Military medicine 09/2008; 173(8):754-8. · 0.77 Impact Factor
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    ABSTRACT: Continuing concern regarding the potential health and environmental effects of depleted uranium and lead has resulted in many countries adding tungsten alloy (WA)-based munitions to their battlefield arsenals as replacements for these metals. Because the alloys used in many munitions are relatively recent additions to the list of militarily relevant metals, very little is known about the health effects of these metals after internalization as embedded shrapnel. Previous work in this laboratory developed a rodent model system that mimicked shrapnel loads seen in wounded personnel from the 1991 Persian Gulf War. In the present study, we used that system and male F344 rats, implanted intramuscularly with pellets (1 mm times 2 mm cylinders) of weapons-grade WA, to simulate shrapnel wounds. Rats were implanted with 4 (low dose) or 20 pellets (high dose) of WA. Tantalum (20 pellets) and nickel (20 pellets) served as negative and positive controls, respectively. The high-dose WA-implanted rats (n = 46) developed extremely aggressive tumors surrounding the pellets within 4-5 months after implantation. The low-dose WA-implanted rats (n = 46) and nickel-implanted rats (n = 36) also developed tumors surrounding the pellets but at a slower rate. Rats implanted with tantalum (n = 46), an inert control metal, did not develop tumors. Tumor yield was 100% in both the low- and high-dose WA groups. The tumors, characterized as high-grade pleomorphic rhabdomyosarcomas by histopathology and immunohistochemical examination, rapidly metastasized to the lung and necessitated euthanasia of the animal. Significant hematologic changes, indicative of polycythemia, were also observed in the high-dose WA-implanted rats. These changes were apparent as early as 1 month postimplantation in the high-dose WA rats, well before any overt signs of tumor development. These results point out the need for further studies investigating the health effects of tungsten and tungsten-based alloys.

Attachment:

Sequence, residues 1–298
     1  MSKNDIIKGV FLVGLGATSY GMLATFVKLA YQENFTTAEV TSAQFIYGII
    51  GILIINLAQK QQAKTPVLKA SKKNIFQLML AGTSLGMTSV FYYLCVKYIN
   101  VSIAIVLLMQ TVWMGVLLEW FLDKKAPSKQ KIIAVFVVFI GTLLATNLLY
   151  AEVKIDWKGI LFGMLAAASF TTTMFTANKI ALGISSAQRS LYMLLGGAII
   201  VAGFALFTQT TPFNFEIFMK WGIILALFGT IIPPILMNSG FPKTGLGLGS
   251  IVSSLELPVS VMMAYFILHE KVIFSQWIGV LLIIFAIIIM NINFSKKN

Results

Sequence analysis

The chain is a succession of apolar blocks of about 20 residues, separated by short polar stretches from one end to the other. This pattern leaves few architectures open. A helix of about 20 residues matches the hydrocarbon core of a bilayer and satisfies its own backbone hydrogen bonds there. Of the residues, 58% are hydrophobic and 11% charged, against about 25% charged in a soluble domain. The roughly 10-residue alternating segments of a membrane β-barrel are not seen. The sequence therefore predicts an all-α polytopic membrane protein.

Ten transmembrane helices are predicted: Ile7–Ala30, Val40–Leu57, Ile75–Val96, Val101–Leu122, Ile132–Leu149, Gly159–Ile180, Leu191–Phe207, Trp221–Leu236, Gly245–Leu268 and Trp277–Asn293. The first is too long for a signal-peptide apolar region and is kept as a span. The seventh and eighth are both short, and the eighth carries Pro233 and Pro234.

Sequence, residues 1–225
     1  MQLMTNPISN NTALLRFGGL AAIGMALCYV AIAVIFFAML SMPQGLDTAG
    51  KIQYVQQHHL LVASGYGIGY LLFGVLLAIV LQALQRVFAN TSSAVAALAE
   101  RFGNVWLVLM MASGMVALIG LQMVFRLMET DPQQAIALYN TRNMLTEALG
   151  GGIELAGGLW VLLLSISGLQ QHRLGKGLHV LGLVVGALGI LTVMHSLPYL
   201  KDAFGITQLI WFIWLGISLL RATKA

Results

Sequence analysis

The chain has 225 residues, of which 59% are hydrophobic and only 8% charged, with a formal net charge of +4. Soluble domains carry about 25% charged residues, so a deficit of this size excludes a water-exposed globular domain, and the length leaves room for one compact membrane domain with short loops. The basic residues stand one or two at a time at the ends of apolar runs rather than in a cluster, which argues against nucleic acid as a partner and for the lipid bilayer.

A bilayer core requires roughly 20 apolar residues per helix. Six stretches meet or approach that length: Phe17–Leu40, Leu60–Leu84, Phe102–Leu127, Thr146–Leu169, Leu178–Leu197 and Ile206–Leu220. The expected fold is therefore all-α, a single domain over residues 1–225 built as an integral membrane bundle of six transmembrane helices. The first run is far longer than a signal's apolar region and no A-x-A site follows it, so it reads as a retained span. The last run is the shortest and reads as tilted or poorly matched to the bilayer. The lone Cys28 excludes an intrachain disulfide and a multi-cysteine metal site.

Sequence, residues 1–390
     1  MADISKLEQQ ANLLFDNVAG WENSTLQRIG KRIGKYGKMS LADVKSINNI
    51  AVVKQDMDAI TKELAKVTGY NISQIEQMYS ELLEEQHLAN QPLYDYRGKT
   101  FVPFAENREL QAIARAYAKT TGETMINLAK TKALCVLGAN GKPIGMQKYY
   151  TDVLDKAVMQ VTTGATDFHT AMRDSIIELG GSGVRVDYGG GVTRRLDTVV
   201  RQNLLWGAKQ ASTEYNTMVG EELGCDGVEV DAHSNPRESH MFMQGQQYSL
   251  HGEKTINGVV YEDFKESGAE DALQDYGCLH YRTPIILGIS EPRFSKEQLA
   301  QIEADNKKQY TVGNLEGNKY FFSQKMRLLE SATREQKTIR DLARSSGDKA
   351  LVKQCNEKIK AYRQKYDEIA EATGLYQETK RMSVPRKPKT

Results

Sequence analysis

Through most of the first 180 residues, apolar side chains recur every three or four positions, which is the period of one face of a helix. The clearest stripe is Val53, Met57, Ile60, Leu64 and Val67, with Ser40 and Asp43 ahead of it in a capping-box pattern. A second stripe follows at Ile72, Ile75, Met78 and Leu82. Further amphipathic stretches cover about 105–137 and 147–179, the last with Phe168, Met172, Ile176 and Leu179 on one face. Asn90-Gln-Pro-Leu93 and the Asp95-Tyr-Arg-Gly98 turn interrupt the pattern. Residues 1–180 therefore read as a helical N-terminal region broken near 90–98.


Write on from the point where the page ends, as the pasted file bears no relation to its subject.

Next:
Environmental Health Perspectives 07/2005; 113(6):729-34. · 7.26 Impact Factor
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    ABSTRACT: The health effects of embedded fragments of depleted uranium (DU) are being investigated to determine whether current surgical fragment-removal policies are appropriate for this metal. The authors studied rodents implanted with DU pellets as well as cultured human cells exposed to DU compounds. Results indicate that uranium from implanted DU fragments distributes to tissues distant from implantation sites, including bone, kidney, muscle, and liver. Despite levels of uranium in kidney that would be nephrotoxic after acute exposure, no histological or functional kidney toxicity was observed with embedded DU, indicating that the kidney adapts when exposed chronically. Nonetheless, further studies of the long-term health impact are needed. DU is mutagenic and transforms human osteoblastic cells into a tumorigenic phenotype. It alters neurophysiological parameters in rat hippocampus, crosses the placental barrier, and enters fetal tissue. Preliminary data also indicate decreased rodent litter size when animals are bred 6 months or longer after DU implantation.